The Celebrities Need To Be Stopped
There are too many pointless celebrity beauty products. I propose a solution.
At the end of 2019, I wrote a retrospective of the… best? worst? just kind of there? celebrity beauty brands of the year for Fashionista. I guess it wasn’t so much a retrospective as a critique of all the ways in which celebrity culture has infiltrated our lives. It started:
In 2019, Americans ceded all control to celebrities. “Dress me,” we screamed, and Rihanna gave us Fenty. “Make me smell good,” we demanded, and Michelle Pfeiffer, Lionel Richie, and J.Lo heeded the call. “Wait, would you… register me to vote?” we asked, and Ariana Grande actually did it. “Run for president!” we begged Oprah and Kanye and Dwayne “The Rock” Johnson. No luck there, which is fine, since we already have a reality TV star for president and it’s not going great for him.
Then there’s beauty — an area of our lives that’s always been dominated by celebrities, traditionally via endorsement deals. But “face of” situations don’t seem to satisfy celebs anymore. They want creative control, a bigger piece of the profit pie, a platform from which to pivot out of entertainment. (Remember when Victoria Beckham was most famous for being a Spice Girl? Me either.) They want to launch their own beauty brands.
Reader, it’s gotten worse.
As beauty journalist Courtney Rubin declared in The New York Times late last month, “It’s official: Every celeb now has a beauty line.” 2020 brought brand new launches from Lauren Conrad, Selena Gomez, Pharrell Williams, Alicia Keys, Jennifer Lopez (this time, skincare rather than fragrance), Anthony Hopkins (seriously), and so, so many more.
“Why is a beauty line now a necessary accessory of fame?,” Rubin asked. “Money, of course.”
But do these famous faces need the money?
Of course not.
Celebs, hear me out: What if you took the good intentions behind your brands — that is, if there are good intentions — and removed the products?
Take Selena Gomez, her makeup line Rare Beauty, and its Rare Impact Fund, a charity that exists to “reduce the stigma associated with mental health.” Just do that last part! Beauty culture can have such negative effects on mental health, anyway. We don’t need the accompanying foundation and concealer that subtly message, “You need to hide your skin/blemishes/all signs of human life.” Just give us the mental health services, thanks.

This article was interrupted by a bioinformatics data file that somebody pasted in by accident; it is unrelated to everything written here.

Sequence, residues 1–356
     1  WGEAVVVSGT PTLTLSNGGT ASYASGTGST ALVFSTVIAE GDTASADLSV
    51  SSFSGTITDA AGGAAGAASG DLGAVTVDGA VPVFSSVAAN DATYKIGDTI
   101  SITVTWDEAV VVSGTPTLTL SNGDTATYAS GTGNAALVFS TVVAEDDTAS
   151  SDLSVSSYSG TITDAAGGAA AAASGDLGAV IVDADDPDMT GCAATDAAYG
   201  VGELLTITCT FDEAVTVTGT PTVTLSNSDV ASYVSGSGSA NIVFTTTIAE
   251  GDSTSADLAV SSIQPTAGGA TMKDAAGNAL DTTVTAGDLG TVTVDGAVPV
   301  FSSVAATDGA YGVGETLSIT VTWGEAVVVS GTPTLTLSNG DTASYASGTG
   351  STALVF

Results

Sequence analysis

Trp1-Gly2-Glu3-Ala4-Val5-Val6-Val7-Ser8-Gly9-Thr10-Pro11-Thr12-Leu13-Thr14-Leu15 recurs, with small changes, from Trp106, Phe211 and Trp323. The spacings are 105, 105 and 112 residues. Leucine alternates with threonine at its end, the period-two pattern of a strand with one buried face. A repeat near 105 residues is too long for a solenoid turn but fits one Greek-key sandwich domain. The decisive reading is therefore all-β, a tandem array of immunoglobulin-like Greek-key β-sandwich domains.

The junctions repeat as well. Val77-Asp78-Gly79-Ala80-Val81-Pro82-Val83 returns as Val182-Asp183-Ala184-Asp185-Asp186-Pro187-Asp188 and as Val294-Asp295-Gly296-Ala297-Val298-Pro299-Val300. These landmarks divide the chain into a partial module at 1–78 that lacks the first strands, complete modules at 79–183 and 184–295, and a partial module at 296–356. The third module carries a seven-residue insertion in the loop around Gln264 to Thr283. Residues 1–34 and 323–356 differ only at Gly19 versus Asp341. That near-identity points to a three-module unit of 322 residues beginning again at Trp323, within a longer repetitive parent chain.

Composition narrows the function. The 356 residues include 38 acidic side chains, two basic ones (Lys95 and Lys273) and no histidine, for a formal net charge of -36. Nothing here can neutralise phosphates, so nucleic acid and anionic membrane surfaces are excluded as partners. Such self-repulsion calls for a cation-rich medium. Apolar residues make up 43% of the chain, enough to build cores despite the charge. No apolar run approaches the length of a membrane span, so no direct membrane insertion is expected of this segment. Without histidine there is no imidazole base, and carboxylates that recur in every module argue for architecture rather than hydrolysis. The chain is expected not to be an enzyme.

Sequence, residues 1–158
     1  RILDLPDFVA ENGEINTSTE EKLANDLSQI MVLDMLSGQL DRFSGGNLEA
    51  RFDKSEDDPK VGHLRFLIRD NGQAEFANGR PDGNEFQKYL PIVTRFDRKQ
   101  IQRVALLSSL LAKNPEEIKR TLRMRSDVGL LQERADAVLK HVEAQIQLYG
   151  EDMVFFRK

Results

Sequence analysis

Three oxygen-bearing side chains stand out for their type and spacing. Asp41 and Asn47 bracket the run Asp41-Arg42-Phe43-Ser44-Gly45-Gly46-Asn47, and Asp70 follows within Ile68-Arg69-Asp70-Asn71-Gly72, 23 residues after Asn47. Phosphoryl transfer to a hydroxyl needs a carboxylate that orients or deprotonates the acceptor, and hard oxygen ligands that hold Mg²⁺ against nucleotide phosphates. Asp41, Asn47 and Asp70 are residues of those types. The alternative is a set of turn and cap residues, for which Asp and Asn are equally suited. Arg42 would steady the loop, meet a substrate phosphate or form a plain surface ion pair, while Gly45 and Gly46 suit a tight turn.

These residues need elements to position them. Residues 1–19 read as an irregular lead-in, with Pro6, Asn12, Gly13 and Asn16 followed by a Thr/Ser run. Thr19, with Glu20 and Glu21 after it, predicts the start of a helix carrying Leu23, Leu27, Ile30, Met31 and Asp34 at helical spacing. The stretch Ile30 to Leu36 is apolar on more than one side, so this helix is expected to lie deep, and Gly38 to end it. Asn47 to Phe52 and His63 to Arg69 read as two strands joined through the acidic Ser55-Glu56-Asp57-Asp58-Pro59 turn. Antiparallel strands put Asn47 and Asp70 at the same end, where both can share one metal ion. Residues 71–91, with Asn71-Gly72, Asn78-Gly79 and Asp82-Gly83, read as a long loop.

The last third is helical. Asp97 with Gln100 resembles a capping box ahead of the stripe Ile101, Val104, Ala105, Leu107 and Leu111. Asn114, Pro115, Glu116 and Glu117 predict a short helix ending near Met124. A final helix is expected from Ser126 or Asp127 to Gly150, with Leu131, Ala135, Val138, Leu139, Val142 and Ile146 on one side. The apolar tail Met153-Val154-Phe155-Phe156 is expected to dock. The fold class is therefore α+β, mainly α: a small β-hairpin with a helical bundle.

Or Pharrell’s new skincare line, which includes Braille on the packaging. That’s so needed! Why not launch a company that makes it easier for all beauty brands to create accessible packaging, instead? Why not use your influence to make the entire industry better, rather than polluting it with more products?
Anthony Hopkins, bless his soul, started a fragrance line in order to drum up donations for No Kid Hungry during the pandemic. He’s pledging $5 of every sale to the organization, with a minimum commitment of $50,000. SIR. You are Anthony Hopkins. Donate the $50,000 yourself! That equates to five hundred thousand meals and zero fragrance chemicals. (I honestly cannot believe that ANTHONY HOPKINS BEAUTY exists. It’s like a parody of celebrity culture. I will never get over this.)
Then there’s Lauren Conrad, creating yet another “sustainable” makeup line. If sustainability is the goal, don’t flood an already-saturated market with the same old stuff. Leverage your lifestyle site to teach followers how to live sustainably using what’s already out there. That’s so much more environmentally sound than mass-producing “recycled and recyclable” plastic packaging. (Most plastic does not get recycled, and plastic can only be recycled two to three times, tops, before it becomes useless. Even the most “eco-friendly” plastic turns into pollution pretty freakin’ quickly.) As I said here, the most “eco-conscious” thing a celebrity can do is NOT START ANOTHER “SUSTAINABLE” BEAUTY BRAND and instead SUPPORT ALREADY-ESTABLISHED SUSTAINABLE BRANDS BY OFFERING ADVICE, INFRASTRUCTURE, INVESTMENT, OR AN AUDIENCE.
Speaking of sustainability, JLo Beauty is about to launch with a sheet mask, or, as I like to call it, a pre-packaged pile of glorified garbage. Yes, a single-use sheet mask. In 2021. It’s soaked in an olive oil “complex” and costs $48 for a pack of three. (Although Lopez told Allure, “We should be charging $10,000 for these masks.” The celebrities are out of control, people!)
“[Olive oil] is nature’s secret ingredient we don’t use enough of,” the founder said, sharing that her mom and aunt slather their skin in plain olive oil. Amazing! Affordable! Accessible! Instead of pouring it into a golden bottle and upping the price, educate fans on the natural ingredient’s efficacy. Tell them that glowing skin doesn’t have to cost $18 per use. Lend kitchen DIYs some of your glamour. (They could use it.)
At the very least, celebrities, please stop pretending that you’re benevolently granting us access to your beauty secrets. You are not.
Consider: Pharrell’s ageless face has been the subject of speculation for at least six years. Humanrace has been out for a week. It has had little to no impact on the overall state of his skin. J.Lo’s glow isn’t a product of an olive oil sheet mask. J.Lo’s glow is all (speculation alert!) expensive facials, injectable fillers, strong genetics, and maybe some light surgery. Their skincare lines didn’t create their signature looks; their signature looks created the opportunity for their skincare lines.
I don’t really have a point, I guess, just a desperate plea: Can we stop buying (and buying into) celebrity beauty already?
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